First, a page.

Nintendo’s most devoted 3DS fans gathered this past Saturday 28 July at the Café Culture in Pineslopes for the official Johannesburg Nintendo 3 DS XL launch hosted by JHB Gamers. As it has come to be expected, Jarrod Lane’s JHB Gamers hosted a successful event in association with Nintendo South Africa’s communication manager, Mandy Meredith and Nintendo staff. A good turnout, a swanky venue, some Nintendo swag and the promise of a Mario Kart 7 tournament to win a Nintendo 3DS XL console made for a bubbly atmosphere.
I thought my romance with Nintendo was behind me
I have only recently joined the Nintendo 3DS scene, and my affair with Mario and all things Nintendo is back and as infatuated as it once was when I first fell in love with gaming. I even had a good conversation with Dawid Venter (G3AR, PC Format) about that winning formula – the simplistic, unadulterated formula that made Mario and Luigi household names and many of us gamers for life. In a gaming world where the graphics have gone high-definition, where the gameplay and physics mimic life, and where games play-out like grand Hollywood productions; it’s amazing that games with candid little characters in Karts, and RPG’s with Disney characters can still pull you in like the best of them. And in this arena… decades down the line, Nintendo still reigns.
I thought my romance with Nintendo was behind me. I was wrong.
Size does matter
The Nintendo 3DS XL features a small upgrade in a few specifications; the download speed has been improved, the battery life has been increased from five hours with the 3DS to six and a half hours with the new console; but it’s the ninety percent larger screen that the new console is all about. And let me tell you, as it stands, there is around a R 500 price difference between the two consoles, and I would happily pay for that screen alone. There is nothing wrong with the 3DS screen size, but the larger screen does make a difference, and the 3D effect seems more impactful with the increased sized screen. I had my reservations about whether there would be pixel issues with the larger screen, but from what I saw with Kingdom Hearts 3D Dream Drop Distance and Mario Kart 7, there doesn’t seem to be an issue here.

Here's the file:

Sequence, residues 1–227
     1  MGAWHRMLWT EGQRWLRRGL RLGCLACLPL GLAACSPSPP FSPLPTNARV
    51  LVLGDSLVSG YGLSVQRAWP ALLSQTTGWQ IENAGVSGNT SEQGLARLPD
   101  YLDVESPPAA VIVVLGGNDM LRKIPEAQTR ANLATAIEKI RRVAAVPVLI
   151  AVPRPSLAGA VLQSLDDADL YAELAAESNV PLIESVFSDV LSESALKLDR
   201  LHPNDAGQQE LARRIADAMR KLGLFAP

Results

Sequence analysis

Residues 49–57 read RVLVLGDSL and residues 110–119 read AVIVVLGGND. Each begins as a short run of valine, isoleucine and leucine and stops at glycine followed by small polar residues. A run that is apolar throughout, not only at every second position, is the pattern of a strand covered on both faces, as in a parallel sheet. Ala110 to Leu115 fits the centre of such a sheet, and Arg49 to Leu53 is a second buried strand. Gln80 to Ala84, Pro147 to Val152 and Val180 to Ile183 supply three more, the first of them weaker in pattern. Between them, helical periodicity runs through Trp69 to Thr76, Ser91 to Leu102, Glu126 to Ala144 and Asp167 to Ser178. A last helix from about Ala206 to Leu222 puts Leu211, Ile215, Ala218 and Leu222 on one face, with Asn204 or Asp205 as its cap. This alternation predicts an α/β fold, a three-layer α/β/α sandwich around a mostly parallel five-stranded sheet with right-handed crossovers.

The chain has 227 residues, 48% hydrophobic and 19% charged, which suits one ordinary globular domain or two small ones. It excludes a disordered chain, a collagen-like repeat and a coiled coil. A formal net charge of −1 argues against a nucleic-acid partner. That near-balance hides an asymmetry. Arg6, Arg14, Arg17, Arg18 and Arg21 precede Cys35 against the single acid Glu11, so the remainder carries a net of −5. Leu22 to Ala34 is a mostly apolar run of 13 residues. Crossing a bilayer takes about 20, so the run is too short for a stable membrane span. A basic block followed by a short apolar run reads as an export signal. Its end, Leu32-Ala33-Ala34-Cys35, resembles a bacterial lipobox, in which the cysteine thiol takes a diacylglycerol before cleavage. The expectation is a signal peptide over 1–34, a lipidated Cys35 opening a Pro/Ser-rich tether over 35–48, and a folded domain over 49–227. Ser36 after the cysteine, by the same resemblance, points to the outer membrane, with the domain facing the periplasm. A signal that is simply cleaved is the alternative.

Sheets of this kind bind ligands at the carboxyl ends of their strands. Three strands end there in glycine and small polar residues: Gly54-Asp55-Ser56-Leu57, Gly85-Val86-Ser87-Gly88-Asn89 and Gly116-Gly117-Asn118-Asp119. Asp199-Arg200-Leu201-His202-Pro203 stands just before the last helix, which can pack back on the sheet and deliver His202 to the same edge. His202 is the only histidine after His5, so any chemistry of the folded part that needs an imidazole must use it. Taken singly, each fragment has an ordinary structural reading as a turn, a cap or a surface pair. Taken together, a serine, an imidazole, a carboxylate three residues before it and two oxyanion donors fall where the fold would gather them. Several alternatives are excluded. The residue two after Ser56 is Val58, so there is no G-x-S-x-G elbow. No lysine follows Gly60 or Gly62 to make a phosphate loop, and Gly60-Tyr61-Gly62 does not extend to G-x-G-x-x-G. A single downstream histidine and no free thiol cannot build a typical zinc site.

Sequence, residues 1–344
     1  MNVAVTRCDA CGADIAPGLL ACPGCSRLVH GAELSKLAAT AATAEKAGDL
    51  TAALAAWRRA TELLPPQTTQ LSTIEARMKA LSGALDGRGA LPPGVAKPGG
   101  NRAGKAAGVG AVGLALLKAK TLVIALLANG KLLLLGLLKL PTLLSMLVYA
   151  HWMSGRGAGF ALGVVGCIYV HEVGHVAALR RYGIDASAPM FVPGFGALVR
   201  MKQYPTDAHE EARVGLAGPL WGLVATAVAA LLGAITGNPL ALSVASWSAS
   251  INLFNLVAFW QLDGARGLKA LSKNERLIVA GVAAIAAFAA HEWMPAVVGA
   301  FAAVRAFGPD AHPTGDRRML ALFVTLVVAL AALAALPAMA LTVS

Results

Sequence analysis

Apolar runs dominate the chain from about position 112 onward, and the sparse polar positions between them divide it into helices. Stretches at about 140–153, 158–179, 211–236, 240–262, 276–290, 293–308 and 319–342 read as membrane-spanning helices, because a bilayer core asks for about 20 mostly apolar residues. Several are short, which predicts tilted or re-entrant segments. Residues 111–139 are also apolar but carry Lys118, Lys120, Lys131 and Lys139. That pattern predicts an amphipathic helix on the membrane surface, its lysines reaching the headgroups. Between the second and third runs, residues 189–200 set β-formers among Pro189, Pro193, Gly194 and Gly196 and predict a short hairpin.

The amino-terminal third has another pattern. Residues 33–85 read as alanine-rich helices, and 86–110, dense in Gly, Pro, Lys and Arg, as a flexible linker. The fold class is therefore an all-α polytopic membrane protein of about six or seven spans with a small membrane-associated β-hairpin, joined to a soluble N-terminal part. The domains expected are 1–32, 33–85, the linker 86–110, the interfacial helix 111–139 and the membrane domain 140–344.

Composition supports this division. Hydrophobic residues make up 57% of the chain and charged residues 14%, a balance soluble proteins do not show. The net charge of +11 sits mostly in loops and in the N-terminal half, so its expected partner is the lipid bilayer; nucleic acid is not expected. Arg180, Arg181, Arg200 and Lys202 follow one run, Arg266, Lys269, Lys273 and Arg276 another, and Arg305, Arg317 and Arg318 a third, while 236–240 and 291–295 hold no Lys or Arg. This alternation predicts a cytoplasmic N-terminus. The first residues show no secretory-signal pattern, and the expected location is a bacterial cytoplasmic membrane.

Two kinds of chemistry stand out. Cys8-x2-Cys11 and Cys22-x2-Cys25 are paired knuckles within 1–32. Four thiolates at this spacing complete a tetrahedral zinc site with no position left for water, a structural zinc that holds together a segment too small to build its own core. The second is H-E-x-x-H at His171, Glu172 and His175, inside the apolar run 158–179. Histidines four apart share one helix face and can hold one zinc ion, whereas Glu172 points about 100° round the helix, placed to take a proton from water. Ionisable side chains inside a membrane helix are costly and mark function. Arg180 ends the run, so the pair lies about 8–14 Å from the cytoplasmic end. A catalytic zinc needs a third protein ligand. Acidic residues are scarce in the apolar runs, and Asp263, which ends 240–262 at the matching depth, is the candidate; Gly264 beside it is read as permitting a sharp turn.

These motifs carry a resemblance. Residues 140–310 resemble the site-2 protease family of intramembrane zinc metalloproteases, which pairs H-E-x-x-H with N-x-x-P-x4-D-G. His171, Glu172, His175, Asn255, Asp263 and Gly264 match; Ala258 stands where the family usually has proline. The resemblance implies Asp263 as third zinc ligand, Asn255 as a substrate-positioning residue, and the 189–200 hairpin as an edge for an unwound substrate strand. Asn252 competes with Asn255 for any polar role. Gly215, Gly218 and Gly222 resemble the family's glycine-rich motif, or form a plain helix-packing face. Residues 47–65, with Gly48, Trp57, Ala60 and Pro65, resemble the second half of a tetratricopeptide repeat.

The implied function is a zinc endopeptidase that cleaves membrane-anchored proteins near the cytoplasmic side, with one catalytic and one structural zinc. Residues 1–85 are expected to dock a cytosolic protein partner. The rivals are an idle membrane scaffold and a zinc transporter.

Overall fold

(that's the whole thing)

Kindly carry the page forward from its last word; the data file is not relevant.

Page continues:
The Nintendo handheld console is not all about Mario, Zelda and Disney characters. I was content with finding out from most fans that I asked at the launch, that my favourite 3DS game – Resident Evil Revelations – is among many fans’ favourite lists. The 3DS does the more serious stuff too. If you are concerned about the single circle-pad, then you will be happy to know The Circle Pad Pro has been confirmed for the 3DS XL too, which adds the extra circle-pad and shoulder-buttons to the console, for the traditional ‘controller feel’ that’s enjoyed with shooting titles.